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Accessibility is a general term used to describe the degree to which a product (e.g., device, service, environment) is accessible by as many people as possible, and the ventures to produce accessible products and services. Accessibility is often used to focus on people with disabilities and their right of access to entities, often through use of assistive technology.



Accessibility Audit vs. Accessibility Testing

Article outlining the difference between the two accessibility evaluation methods: The accessibility audit and accessibility testing.

Moss, Trenton. Webcredible (2007). Design>Web Design>Accessibility>Methods


Accessibility Components Resource List

In trying to build accessible products, it is sometimes difficult to find key components. This is particularly true when building prototypes or coordinating small volume productions. This resource listing is provided to assist people in finding sources for key accessibility components such as accessible telephone handsets (for use on kiosks, etc.), voice technology products and other accessible components. It is maintained on an 'as we find it basis.' In other words, when we locate particular components or they are brought to our attention, we wll include them here.

University of Wisconsin. Resources>Usability>Accessibility>Universal Usability


Accessibility Does Not Prevent You from Using JavaScript or Flash

A common misconception is that in order to make a website accessible you have to abstain from using JavaScript or Flash. Almost every time I hold a workshop on Web standards and accessibility there is at least one participant who believes that accessibility limits what they can do on the Web by telling them to stay away from anything that isn’t pure HTML.

Johansson, Roger. 456 Berea Street (2010). Articles>Web Design>Accessibility>Flash


Accessibility Features of CSS

This document summarizes the features of the Cascading Style Sheets (CSS), level 2 Recommendation ([CSS2]) known to directly affect the accessibility of Web documents. Some of the accessibility features described in this document were available in CSS1 ([CSS1]) as well. This document has been written so that other documents may refer in a consistent manner to the accessibility features of CSS.

W3C. Design>Web Design>Accessibility>CSS


Accessibility First—for a Better User Experience for All

What if design projects started by thinking about accessibility first? I don’t mean the basics like ALT text for graphics, following coding standards, and creating correctly structured information hierarchies. Building in accessibility at the code level is the only way to remove many of the barriers people with disabilities experience. But if our design thinking started with the idea of making a product that focuses on key tasks and is flexible, would that create a better user experience for everyone?

Quesenbery, Whitney. UXmatters (2010). Articles>Accessibility>User Experience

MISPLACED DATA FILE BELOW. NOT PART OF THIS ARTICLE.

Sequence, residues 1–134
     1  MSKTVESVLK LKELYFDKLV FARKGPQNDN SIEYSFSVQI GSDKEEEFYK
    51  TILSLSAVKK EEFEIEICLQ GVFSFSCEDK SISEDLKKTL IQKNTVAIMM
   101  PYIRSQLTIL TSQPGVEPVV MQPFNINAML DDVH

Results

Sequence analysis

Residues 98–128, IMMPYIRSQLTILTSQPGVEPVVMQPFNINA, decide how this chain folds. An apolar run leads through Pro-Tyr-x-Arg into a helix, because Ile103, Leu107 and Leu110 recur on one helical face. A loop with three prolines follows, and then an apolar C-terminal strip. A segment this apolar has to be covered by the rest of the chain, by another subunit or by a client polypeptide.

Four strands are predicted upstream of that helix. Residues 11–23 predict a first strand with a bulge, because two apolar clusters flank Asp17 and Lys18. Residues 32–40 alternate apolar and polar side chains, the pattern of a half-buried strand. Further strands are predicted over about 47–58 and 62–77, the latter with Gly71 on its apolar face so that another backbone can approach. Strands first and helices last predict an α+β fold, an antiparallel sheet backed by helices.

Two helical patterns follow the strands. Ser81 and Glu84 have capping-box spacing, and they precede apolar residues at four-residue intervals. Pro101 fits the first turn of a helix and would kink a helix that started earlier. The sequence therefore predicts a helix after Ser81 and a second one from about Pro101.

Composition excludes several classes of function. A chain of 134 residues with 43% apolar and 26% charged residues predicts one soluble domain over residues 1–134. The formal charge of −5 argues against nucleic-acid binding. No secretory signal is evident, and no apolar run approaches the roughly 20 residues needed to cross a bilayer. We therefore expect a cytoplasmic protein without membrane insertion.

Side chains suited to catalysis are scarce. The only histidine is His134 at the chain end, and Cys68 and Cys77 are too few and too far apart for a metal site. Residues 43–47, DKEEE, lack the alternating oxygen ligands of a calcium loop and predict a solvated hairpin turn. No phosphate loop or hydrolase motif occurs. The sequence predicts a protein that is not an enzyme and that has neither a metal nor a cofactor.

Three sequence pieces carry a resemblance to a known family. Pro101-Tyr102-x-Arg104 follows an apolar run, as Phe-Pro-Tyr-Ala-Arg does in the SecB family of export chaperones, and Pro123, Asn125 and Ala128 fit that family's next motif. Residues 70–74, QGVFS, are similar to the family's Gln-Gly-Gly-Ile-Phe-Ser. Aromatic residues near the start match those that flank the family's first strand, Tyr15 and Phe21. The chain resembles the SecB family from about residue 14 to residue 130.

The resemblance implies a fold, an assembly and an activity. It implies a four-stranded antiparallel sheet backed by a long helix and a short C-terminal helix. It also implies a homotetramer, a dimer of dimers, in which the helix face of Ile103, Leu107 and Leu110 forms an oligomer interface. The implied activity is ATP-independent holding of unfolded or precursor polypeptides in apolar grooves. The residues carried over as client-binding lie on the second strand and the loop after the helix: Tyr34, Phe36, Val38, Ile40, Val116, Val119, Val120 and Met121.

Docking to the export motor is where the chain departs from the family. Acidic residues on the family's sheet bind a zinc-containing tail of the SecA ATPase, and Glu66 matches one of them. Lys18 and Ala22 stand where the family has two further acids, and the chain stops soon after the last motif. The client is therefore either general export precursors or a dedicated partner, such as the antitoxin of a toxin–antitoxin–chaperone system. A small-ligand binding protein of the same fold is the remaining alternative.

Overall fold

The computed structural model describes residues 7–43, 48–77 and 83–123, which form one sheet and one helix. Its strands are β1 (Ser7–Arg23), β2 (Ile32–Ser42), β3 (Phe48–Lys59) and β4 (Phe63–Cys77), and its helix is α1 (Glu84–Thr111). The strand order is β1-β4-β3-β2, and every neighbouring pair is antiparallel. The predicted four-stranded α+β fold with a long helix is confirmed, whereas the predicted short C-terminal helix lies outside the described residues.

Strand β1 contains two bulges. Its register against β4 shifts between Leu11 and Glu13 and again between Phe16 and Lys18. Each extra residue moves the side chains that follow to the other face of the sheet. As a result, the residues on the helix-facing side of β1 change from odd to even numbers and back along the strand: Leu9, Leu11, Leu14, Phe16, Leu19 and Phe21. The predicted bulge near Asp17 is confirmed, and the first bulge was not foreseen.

Accessibility for Special Education Students

Accessibility is an issue that is bigger than just students. In order for there to be change for students with special needs there first needs to be a change about accessibility for the entire World Wide Web. While this will continue to be an issue, there is at least room for growth to make the internet more accessible for students with special needs.

Rogers, Kristin. Orange Journal, The (2010). Articles>Education>Accessibility


Accessibility from the Ground Up

This accessibility thing sure is catching on. And it’s ready for prime time. Yes, Web accessibility is growing up.

May, Matt. Digital Web Magazine (2005). Design>Web Design>Accessibility


An Accessibility Frontier: Cognitive Disabilities and Learning Difficulties

With this paper... we are primarily concerned with the problems people with cognitive and learning difficulties might have when using the web and offering a few practical suggestions on how these problems might be addressed.

Hudson, Roger, Russ Weakley and Peter Firminger. Usability.com.au (2005). Articles>Web Design>Accessibility>Cognitive Psychology


The Accessibility Hat Trick: Getting Abbreviations Right

AAA-level compliance is the ideal of accessibility, the bonus-round of accessible design: AAA-level compliant pages meet the needs of every group of users. AAA is achievable, but requires preparation and forethought.

Lieberman, Colin. List Apart, A (2006). Design>Web Design>Accessibility


Accessibility Humanized

Most web developers act in blindness when they design accessible websites, since they know next to nothing about disabled people and the technology they use. Accessibility guidelines and validation tools doesn't provide this insight. Accessibility should rather be approached from a user centred perspective.

Olsen, Henrik. GUUUI (2004). Articles>Web Design>Accessibility


Accessibility Humanized: A User-Centred Approach to Web Accessibility

Most web developers act in blindness when they design accessible websites, since they know next to nothing about disabled people and the technology they use. Accessibility guidelines and validation tools doesn't provide this insight. Accessibility should rather be approached from a user centred perspective.

Olsen, Henrik. GUUUI (2004). Design>Web Design>Accessibility>User Centered Design


Accessibility in Design